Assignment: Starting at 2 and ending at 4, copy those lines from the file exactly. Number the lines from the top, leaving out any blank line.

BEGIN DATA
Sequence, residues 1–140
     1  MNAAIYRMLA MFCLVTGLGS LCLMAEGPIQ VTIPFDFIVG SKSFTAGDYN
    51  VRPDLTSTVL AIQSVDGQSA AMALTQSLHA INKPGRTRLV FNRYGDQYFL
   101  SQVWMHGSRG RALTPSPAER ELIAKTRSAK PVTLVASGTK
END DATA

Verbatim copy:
     1  MNAAIYRMLA MFCLVTGLGS LCLMAEGPIQ VTIPFDFIVG SKSFTAGDYN
    51  VRPDLTSTVL AIQSVDGQSA AMALTQSLHA INKPGRTRLV FNRYGDQYFL
   101  SQVWMHGSRG RALTPSPAER ELIAKTRSAK PVTLVASGTK